Republican National Committee Chairman Reince Priebus offered a stilted embrace of his party’s presumptive nominee Wednesday, acknowledging that the fractious primary means some GOP voters need to heal before unifying behind Donald Trump.
“It will take some time. This was a very contentious battle. It’s not easy when you have 17 candidates and people’s second and third choices didn’t win,” Priebus told CNN’s Alisyn Camerota on “New Day.”
However, in a tweet posted after Trump’s victory, Priebus referred to Trump as the GOP’s “presumptive nominee” and called for party unity, though he noted that the real estate developer still needs more delegates to clinch the nomination.
Priebus echoed that call on Wednesday, adding that Trump’s unorthodox candidacy was “probably good” for the GOP.
“It’s time to unite, it’s time to come together,” he said. “I think something different, something new, is probably good for our party.”
The chairman dismissed criticism that Trump’s rhetoric and positions on issues that stray from the party’s platform would be an issue.
“If Donald Trump ultimately becomes the nominee, which I think he will be, he’s going to be joining the party ” Priebus said. “The candidates join us, we don’t join the candidates. So our party platform is clear, the things we believe in are clear. We don’t change what we believe in as a party.”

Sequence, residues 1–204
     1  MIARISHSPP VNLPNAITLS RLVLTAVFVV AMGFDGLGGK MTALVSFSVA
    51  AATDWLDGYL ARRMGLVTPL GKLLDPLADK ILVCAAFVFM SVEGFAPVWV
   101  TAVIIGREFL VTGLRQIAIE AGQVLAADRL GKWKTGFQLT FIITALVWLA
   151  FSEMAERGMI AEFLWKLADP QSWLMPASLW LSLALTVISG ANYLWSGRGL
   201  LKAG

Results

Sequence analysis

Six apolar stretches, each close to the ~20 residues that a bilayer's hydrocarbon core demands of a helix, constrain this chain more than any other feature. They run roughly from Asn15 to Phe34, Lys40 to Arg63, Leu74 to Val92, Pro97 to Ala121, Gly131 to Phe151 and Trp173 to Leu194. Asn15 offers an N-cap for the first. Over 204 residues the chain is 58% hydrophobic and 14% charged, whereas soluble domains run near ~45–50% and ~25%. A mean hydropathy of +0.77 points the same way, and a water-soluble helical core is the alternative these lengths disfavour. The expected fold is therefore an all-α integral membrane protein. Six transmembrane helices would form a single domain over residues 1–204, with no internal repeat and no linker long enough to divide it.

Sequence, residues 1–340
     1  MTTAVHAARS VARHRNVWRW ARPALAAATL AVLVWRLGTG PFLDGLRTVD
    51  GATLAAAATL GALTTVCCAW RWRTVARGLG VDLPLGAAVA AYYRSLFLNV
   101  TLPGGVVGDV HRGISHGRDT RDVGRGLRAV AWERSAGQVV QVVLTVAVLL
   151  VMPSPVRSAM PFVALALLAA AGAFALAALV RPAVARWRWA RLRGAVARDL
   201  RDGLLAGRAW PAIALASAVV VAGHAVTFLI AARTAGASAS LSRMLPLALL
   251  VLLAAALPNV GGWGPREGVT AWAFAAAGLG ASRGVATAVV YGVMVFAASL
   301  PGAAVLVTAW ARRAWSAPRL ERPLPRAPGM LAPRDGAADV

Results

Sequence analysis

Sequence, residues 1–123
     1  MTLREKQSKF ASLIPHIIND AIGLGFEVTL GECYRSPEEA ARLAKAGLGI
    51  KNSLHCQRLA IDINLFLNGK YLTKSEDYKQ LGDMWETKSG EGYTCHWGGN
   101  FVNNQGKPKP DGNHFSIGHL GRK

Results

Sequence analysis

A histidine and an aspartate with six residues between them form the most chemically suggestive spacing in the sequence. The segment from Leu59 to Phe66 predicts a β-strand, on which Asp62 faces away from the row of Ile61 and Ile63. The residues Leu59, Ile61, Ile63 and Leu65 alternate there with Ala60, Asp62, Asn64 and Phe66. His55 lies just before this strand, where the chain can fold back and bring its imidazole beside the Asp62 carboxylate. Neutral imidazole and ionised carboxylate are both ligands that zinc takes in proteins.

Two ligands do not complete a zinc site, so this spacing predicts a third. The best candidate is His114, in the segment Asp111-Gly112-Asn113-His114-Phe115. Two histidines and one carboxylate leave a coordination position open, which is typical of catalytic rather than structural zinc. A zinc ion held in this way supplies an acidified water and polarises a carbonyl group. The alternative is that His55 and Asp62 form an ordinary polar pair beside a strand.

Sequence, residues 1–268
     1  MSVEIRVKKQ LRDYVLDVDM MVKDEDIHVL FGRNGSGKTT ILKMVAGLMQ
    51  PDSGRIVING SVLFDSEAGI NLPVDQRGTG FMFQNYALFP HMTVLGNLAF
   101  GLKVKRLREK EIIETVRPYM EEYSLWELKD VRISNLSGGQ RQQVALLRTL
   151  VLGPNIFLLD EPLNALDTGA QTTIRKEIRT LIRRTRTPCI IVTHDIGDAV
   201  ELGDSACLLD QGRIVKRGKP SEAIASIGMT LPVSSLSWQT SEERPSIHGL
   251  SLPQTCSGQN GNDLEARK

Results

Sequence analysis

Priebus noted that Trump still needs to earn enough delegates to secure the nomination and his one remaining rival, Ohio Gov. John Kasich, needs to figure out his campaign’s future.
“Donald Trump still has to get to 1,237, and John Kasich needs to decide what he’s going to do,” Priebus said. “I’m not going to tell him to get out or stay in. But we in the mean time are going to come together, we need to start doing things to raise more money, to get more boots on the ground.”
RNC communications director Sean Spicer later told CNN it was nearly impossible for Trump not to gather the number of delegates needed to clinch the nomination.
“With the number of bound delegates in the contests remaining, there is no question for anybody who has done third-grade math will realize that he will get to 1,237,” Spicer said.